The Supreme Court last week scuttled an attempt by environmentalists to stop construction of a section of President Donald Trump’s border wall with Mexico.
The court’s 5-4 ruling Friday allows construction of a section of wall in Arizona, New Mexico and California to continue even as lawsuits continue to make their way through the court system, according to CNN.
Acting Solicitor General Jeffrey B. Wall had argued against stopping construction, according to The Washington Post.
“A single decision from a divided panel of the Ninth Circuit, adopting reasoning that this court previously found wanting, is hardly the sort of intervening development that would warrant reconsidering a prior order of this court,” Wall wrote in a brief to the justices.
— Reuters Legal (@ReutersLegal) July 31, 2020
As the Wall goes up, illegal crossings go down. This past week we built over 10 miles of Wall at our Southern Border. We now have 256 miles of NEW Wall and we are on track to have 300 miles completed by the end of August! pic.twitter.com/AWl0dYfY1w
— Donald J. Trump (@realDonaldTrump) July 30, 2020
Justice Stephen Breyer was joined by Justices Ruth Bader Ginsburg, Elena Kagan and Sonia Sotomayor in a dissent that implied the ruling was tantamount to a victory for Trump in the overall case.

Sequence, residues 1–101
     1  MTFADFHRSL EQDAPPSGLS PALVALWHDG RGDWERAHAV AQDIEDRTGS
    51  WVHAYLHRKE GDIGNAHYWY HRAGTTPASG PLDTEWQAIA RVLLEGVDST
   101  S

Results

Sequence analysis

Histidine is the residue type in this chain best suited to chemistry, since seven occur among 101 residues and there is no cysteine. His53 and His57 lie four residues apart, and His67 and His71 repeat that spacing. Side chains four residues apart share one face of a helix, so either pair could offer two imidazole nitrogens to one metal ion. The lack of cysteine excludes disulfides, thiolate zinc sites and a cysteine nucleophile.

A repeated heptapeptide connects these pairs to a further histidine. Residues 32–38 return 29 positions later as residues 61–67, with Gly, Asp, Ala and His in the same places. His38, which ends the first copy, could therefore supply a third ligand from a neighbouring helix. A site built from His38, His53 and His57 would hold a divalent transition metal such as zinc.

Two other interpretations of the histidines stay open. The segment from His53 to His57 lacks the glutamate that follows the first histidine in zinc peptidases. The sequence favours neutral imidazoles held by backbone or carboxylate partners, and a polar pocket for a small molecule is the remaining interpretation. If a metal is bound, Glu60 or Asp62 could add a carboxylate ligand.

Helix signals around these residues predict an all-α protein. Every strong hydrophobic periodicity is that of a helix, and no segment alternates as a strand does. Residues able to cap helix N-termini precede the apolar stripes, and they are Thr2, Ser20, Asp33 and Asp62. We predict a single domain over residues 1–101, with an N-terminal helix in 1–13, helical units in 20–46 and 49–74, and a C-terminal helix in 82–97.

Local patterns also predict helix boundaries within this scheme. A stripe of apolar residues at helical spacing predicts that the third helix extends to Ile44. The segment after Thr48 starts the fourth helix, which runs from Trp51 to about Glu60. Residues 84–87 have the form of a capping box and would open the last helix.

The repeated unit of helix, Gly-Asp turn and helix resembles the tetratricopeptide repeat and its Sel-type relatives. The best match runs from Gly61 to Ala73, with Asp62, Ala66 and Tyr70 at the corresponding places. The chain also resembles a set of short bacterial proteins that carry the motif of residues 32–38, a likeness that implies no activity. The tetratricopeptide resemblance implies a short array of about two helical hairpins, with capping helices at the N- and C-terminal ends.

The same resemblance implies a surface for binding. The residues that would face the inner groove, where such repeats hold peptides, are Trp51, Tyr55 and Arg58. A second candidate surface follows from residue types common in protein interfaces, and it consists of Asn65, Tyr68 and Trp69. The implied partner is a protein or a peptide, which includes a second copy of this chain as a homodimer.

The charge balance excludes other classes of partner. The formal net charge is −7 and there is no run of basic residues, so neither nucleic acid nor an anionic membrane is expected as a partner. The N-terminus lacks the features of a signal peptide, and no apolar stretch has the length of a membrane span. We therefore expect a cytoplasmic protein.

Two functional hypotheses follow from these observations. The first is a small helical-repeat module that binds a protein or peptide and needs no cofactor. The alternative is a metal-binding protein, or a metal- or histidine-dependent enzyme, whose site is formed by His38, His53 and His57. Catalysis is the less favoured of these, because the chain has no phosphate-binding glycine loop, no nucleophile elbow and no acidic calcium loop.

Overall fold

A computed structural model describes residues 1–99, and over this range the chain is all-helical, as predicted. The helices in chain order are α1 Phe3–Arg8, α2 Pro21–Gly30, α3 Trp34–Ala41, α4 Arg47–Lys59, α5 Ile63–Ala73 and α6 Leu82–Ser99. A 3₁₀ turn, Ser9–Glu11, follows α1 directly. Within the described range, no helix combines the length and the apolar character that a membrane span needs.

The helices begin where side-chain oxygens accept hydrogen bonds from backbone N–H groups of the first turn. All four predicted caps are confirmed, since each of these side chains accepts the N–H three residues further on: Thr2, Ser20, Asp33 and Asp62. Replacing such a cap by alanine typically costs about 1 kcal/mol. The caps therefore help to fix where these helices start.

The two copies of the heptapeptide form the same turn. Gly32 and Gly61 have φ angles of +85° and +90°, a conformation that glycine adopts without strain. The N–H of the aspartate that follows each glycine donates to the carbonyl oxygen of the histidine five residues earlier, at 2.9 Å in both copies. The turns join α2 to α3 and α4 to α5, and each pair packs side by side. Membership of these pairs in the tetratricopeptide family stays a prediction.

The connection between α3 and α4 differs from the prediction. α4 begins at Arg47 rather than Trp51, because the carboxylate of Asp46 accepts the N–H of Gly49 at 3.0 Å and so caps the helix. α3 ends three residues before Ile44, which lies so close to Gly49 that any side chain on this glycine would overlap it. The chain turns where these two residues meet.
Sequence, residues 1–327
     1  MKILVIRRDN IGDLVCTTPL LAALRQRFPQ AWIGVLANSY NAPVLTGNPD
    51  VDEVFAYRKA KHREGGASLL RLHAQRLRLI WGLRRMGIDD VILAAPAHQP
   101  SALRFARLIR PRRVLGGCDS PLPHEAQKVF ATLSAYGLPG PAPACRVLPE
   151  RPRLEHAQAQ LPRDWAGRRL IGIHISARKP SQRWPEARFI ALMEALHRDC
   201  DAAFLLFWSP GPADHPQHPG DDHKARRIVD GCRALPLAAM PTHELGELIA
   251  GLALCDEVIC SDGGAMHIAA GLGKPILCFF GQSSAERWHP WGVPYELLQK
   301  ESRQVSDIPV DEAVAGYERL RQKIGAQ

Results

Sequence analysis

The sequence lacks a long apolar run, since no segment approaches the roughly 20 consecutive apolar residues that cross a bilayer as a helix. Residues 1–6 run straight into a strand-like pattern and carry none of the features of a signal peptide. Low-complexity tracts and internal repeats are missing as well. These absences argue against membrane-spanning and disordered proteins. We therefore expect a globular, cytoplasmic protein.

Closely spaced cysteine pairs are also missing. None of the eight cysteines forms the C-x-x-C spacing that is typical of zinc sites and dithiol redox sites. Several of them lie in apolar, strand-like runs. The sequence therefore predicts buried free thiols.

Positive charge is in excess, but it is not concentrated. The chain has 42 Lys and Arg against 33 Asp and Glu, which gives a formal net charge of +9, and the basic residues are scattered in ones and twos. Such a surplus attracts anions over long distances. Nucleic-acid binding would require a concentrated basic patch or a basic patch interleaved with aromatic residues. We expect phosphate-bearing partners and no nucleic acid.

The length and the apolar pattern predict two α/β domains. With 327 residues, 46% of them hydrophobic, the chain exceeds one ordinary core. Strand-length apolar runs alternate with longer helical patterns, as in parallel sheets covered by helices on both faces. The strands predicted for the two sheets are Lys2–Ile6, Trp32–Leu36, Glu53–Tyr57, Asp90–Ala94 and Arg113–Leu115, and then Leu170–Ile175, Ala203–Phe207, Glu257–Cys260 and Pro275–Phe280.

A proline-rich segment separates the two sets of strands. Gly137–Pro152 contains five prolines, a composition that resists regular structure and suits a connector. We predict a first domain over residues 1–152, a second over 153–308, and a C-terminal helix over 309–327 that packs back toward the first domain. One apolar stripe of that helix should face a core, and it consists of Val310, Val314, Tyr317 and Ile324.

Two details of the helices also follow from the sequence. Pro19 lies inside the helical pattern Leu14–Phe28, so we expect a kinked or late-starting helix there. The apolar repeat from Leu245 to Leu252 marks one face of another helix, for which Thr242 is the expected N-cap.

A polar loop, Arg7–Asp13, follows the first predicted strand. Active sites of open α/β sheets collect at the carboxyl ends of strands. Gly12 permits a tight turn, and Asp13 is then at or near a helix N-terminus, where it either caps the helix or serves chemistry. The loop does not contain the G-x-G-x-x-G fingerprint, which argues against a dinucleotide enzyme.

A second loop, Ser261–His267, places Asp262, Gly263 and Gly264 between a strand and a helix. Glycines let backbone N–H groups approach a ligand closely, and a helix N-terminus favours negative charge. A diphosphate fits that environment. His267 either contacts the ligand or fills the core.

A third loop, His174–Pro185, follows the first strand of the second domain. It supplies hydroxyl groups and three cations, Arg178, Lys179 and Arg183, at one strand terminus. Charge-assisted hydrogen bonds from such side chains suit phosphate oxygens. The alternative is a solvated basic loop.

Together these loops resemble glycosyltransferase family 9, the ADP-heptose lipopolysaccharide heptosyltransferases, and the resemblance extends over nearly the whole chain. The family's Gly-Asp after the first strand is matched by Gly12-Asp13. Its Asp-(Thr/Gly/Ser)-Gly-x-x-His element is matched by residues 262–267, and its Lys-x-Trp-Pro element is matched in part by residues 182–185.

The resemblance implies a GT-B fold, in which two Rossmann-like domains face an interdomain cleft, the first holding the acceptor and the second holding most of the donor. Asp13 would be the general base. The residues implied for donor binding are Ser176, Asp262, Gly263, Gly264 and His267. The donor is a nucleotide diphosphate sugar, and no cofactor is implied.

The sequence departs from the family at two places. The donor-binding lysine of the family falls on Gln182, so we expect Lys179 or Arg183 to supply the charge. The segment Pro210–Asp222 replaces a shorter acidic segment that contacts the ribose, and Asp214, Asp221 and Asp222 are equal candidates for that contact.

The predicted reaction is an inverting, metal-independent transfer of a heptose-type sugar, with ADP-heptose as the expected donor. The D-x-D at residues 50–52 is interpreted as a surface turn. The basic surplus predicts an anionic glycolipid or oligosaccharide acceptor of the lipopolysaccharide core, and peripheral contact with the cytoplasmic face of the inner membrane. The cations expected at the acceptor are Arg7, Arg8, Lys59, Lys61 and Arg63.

“The Court’s decision to let construction continue nevertheless, I fear, may operate in effect, as a final judgment,” Breyer wrote.
The American Civil Liberties Union vowed to keep battling Trump’s wall.
“The fight continues,” said Dror Ladin, a staff attorney with the ACLU’s National Security Project, according to Fox News.
“Every lower court to consider the question has ruled President Trump’s border wall illegal, and the Supreme Court’s temporary order does not decide the case,” he said.
“We’ll be back before the Supreme Court soon to put a stop to Trump’s xenophobic border wall once and for all.”
However, in its reporting on the case, The New York Times said the groups may be disappointed.
“The Supreme Court’s earlier order was unsigned and only one paragraph long, but it indicated that the groups challenging the administration may not have a legal right to do so. That suggested that the court’s conservative majority was likely to side with the administration in the end,” The Times reported.
“The Supreme Court reaffirmed today that it meant what it said a year ago: special interest groups likely lack any cause of action to sue the Department of Defense from transferring funds, and the Trump Administration should be allowed to build the wall and protect our country while litigation proceeds,” the White House said in a statement.
“Borders are a non-controversial reality of every sovereign nation, and we plan to defend ours,” the statement said.
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